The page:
|Publication number||US6585015 B2|
|Application number||US 10/015,940|
|Publication date||Jul 1, 2003|
|Filing date||Dec 17, 2001|
|Priority date||Jul 16, 1999|
|Also published as||US20020056488|
|Publication number||015940, 10015940, US 6585015 B2, US 6585015B2, US-B2-6585015, US6585015 B2, US6585015B2|
|Original Assignee||Castrol Limited|
|Export Citation||BiBTeX, EndNote, RefMan|
|Patent Citations (8), Referenced by (14), Classifications (13), Legal Events (4)|
|External Links: USPTO, USPTO Assignment, Espacenet|
This application is a continuation of international application PCT/GB00/02593 filed Jul. 12, 2000, which claims the benefit of Provisional application Ser. No. 60/144,081, filed Jul. 16, 1999, the entire content of which is hereby incorporated by reference in this application.
This invention concerns a container that is suitable for pouring an additive such as a fuel system additive into a vehicle's fuel tank.
Fuel system additives are available to consumers to allow them to improve the performance of their vehicles or to maintain a vehicle's performance on a regular basis. Fuel system additives include, for example, carburettor sprays, diesel fuel additives, fuel system cleaners, gas treatments, octane boosters, fuel injection cleaners, carburettor cleaners, combined fuel injection and carburettor cleaners, and dry gas and winter fuel products. The fuel system additive enters a vehicle's fuel system by being poured into a vehicle's fuel tank by a consumer.
Current fuel system additives claim to: clean carburettors and injectors; reduce intake valve deposits; remove water; fight gas line freeze; save gas; boost octane up to 7 points; improve mileage and performance; clean the entire fuel system and remove power-robbing deposits.
Current fuel system additives tend to be in liquid form and be a blend of detergents and odourless mineral spirits.
Most containers for fuel system additives tend to have a 2 to 4 inch narrow bottleneck which is designed to open the flap of a fuel tank and allow the fuel system additives to be poured into a vehicle's fuel tank. The container usually has a screw lid. The lengths of the bottlenecks vary, and so do the distances between fuel tank flaps and the side of the vehicle. Therefore a bottleneck may not always be the right size and shape for a particular vehicle. In order to use these containers, a user needs to remove the screw lid and then open the flap of the fuel tank using the open end of the bottleneck. If the user does not move quickly, the fuel system additive can be spilt on the user, on the user's clothes, on the side of the vehicle and on the ground around the vehicle. Spillage of the fuel system additive is a waste of money and reduces the benefit of the system because not all of the fuel system additive enters the fuel tank. Consumers are known to be dissatisfied with these containers and they can deter consumers from using fuel system additives.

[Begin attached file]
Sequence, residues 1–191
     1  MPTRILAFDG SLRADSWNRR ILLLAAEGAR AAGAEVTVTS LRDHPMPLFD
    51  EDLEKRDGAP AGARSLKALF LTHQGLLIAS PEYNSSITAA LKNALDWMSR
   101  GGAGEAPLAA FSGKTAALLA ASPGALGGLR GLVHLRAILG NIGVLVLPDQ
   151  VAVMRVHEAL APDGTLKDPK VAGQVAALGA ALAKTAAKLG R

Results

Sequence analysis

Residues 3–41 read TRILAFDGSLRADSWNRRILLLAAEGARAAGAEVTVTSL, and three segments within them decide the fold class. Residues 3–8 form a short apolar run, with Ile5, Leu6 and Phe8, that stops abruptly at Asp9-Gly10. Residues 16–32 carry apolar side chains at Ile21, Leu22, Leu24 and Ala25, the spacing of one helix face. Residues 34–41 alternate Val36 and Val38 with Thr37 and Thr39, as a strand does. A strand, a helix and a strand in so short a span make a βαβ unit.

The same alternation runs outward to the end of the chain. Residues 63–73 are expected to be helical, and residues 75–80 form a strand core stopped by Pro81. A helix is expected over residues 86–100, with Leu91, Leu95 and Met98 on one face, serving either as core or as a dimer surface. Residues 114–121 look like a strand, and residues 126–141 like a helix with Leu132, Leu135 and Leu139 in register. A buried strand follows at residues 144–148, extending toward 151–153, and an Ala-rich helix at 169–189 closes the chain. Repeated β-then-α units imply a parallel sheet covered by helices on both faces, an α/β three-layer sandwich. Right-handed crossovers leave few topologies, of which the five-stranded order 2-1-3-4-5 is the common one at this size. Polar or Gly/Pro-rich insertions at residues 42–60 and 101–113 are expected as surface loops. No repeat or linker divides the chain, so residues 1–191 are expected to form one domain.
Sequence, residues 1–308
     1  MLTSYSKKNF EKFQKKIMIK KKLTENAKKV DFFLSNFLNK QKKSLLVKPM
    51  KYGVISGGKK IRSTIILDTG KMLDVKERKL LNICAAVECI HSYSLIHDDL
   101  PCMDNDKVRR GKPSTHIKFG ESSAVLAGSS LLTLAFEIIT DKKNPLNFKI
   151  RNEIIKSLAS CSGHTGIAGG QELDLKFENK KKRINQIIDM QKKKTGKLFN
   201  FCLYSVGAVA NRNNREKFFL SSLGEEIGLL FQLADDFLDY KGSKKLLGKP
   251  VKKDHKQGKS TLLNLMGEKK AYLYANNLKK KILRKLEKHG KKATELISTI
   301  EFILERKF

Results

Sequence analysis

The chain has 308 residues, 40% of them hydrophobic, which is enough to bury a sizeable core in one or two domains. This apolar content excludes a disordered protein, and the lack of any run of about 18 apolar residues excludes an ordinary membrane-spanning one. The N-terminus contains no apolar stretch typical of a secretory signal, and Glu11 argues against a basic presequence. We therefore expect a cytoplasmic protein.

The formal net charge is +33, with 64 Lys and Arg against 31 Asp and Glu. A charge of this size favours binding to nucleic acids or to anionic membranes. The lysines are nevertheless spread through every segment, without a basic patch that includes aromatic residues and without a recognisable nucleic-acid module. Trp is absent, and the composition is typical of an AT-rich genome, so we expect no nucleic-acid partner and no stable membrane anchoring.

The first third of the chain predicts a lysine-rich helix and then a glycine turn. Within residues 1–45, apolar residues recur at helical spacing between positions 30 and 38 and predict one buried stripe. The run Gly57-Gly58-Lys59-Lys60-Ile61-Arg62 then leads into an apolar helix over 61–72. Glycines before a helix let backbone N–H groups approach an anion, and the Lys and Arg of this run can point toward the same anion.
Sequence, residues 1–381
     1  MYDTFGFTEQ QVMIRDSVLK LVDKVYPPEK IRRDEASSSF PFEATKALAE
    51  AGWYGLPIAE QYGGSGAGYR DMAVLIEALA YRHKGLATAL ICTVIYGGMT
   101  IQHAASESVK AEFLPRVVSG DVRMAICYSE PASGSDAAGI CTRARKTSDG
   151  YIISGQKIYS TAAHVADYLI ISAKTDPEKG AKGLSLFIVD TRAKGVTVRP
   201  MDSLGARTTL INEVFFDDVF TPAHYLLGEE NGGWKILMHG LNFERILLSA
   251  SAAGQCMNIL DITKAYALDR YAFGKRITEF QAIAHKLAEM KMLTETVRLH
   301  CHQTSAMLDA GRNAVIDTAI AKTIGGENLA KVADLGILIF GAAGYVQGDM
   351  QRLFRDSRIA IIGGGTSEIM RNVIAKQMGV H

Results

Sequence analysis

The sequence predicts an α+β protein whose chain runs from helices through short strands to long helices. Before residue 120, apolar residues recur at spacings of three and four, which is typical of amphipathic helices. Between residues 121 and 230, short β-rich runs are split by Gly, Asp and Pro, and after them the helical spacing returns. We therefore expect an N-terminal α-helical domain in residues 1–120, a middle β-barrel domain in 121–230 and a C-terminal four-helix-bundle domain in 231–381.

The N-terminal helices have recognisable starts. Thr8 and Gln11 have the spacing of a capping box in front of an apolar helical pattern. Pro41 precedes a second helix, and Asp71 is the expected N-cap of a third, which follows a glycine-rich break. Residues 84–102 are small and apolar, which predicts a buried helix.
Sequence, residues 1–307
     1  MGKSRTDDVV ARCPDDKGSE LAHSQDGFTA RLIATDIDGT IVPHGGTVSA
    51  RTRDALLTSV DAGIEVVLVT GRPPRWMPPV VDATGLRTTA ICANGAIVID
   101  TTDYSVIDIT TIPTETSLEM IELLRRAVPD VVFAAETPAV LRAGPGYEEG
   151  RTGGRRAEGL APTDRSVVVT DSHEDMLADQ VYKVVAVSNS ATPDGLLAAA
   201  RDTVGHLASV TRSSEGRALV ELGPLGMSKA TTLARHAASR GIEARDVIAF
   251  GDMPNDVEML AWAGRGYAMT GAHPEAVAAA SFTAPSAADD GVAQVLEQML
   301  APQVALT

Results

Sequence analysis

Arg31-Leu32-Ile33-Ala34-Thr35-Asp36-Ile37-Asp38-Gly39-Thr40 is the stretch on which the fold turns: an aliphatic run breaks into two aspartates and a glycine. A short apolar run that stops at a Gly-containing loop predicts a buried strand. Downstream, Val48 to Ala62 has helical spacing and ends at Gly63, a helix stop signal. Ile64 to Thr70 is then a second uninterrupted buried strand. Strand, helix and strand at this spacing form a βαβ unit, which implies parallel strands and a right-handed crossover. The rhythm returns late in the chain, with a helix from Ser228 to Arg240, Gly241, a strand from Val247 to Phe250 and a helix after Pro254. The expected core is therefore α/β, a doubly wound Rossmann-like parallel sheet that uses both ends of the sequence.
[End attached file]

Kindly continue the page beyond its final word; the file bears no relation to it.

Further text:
Many consumers attempt to overcome the spillage issue by using tools or foreign objects to pry open the flap of a fuel tank before pouring the fuel system additive into the fuel tank. Some consumers use, for example, a screw driver or a stick. The fuel system additive comes into contact with the foreign object so the foreign object needs to be cleaned afterwards. Any debris on the foreign object may enter the fuel tank.
A user may also pry open the flap of a fuel tank using a funnel having a long neck. After prying open the flap with the funnel, the fuel system additive is poured into the funnel. After using the funnel, it needs to be cleaned by the user.
Qualitative research with consumers has been conducted in four US cities by the applicant and significant concerns about filling a fuel tank with a fuel system additive have been identified (Calle Research, 1999). This research also identified the methods discussed above.
The aim of the present invention is to provide a container for a fuel system additive that overcomes the problems identified above with current containers.
In accordance with the present invention there is provided a container for a fuel system additive, the container comprising a sealed first part for storing the fuel system additive and a second part that is capable of opening a flap in a vehicle's fuel tank; the two parts being capable of relative movement which unseals the first part so that the fuel system additive can leave the first part, and travel through the second part into a vehicle's fuel tank.
The first part and the second part are preferably capable of locking together so that they become one. The parts therefore preferably have interlocking members.
The first part is preferably sealed using a lid. The lid is preferably a screw-lid. The screw-lid is preferably a nut. The nut may, for example, be square or hexagonal. When the first part has a lid, the second part has a receiving member which is shaped to receive the lid and lock the two parts together.